The only legitimate way to look at the election and the mandate is to point out that percentages aside, 3.3 million more people voted for Bush. Unlike 2000, when he won the electoral vote but not the popular vote, the swing in his direction is significant. And, mo matter how Woshinsky or any other pundit, analyst or professor of poly-sci wants to spit it, 3.3 million of anything is a lot, as I have explained here.

The professor concludes by explaining why Bush can win or lose his political base on how he governs. If he goes “radical,” he’ll wind up losing his base in the end. And, of course, as is always the case in this type of political breakdown, Woshinsky reminds the President that his success is based on governing for the “moderates”:

A pragmatic politician might in these conditions move toward that large bloc of moderate voters as a way of enlarging his party’s base and ensuring long-term electoral advantage.

Since the definition of pragmatic includes dealing or concerned with facts or actual occurrences, I’m curious as to what the professor is implying. Has George Bush not governed from a pragmatic position for the past four years? Has he not dealt with September 11, the economy, education, terrorism, Afghanistan, Iraq and other major issues with the “facts” or “actual occurrences”? One might argue the WMDs-in-Iraq issue to some extent, but Charles Duelfer’s testimony to Saddam’s intent kills a lot of those “Bush lied” claims. But, many already see the president as “pragmatic” and didn’t see Senator Kerry that way, since most of us couldn’t figure out what he was ever going to do, even with all those “plans” he had already drawn up.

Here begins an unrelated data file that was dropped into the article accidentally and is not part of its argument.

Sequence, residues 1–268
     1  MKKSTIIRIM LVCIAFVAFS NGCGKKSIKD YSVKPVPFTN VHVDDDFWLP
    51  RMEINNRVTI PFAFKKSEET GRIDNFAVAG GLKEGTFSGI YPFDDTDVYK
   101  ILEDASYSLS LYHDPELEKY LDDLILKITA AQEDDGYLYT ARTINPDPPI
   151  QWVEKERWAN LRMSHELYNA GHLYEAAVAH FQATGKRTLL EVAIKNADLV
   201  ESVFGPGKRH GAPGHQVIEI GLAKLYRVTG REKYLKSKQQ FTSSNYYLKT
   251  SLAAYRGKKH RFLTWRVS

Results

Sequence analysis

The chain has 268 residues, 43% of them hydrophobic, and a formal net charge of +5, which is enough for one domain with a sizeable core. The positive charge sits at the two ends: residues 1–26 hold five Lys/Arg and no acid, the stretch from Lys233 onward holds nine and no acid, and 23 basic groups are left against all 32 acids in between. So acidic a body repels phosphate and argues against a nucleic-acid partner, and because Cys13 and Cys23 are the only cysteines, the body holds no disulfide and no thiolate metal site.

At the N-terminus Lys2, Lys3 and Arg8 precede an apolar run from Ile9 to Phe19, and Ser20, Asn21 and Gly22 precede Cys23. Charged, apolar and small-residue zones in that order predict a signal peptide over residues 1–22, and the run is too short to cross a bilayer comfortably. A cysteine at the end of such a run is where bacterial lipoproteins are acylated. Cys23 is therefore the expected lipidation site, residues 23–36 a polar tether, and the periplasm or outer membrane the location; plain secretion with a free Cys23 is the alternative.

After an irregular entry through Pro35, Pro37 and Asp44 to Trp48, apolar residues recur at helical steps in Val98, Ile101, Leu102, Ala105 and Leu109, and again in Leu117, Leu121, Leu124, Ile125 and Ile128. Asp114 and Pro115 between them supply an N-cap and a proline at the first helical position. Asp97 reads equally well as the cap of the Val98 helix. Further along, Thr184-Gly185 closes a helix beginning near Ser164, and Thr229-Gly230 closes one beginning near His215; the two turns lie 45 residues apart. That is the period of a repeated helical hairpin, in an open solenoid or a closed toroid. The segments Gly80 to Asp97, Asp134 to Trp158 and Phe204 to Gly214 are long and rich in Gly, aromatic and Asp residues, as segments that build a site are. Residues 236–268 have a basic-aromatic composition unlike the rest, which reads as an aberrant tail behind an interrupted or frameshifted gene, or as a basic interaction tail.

Besides, one doesn’t govern pragmatically to please a segment of the voting population. One governs because one believes in what needs to be done. President Bush has already been elected. Based on his history, he will govern a certain way, and he’ll expect to get the support necessary to finish the things he started and implement new ideas. In a way, it doesn’t matter what anyone thinks of him at this point, since he could do pretty much what he wants. That, I believe, is what Professor Woshinsky and others fear Bush will do. But they don’t need to worry. 60 million of us sent him back to work. That’s a big number, and it’s a mandate. We’re all certain he’ll do the right thing, as he always has.

A few days after the election, when the leftist whining was in full bore, I reminded people that the definition of mandate doesn’t mean you have to have a certain number or percentage of voters, other than “more than the other guy.” If you want to argue that in 2000, neither Bush nor Gore would have had a “mandate” because of the electoral-popular vote splits, I might concede to your argument. But Bush won the whole pot this time. That’s a mandate, no matter how you try to slice it.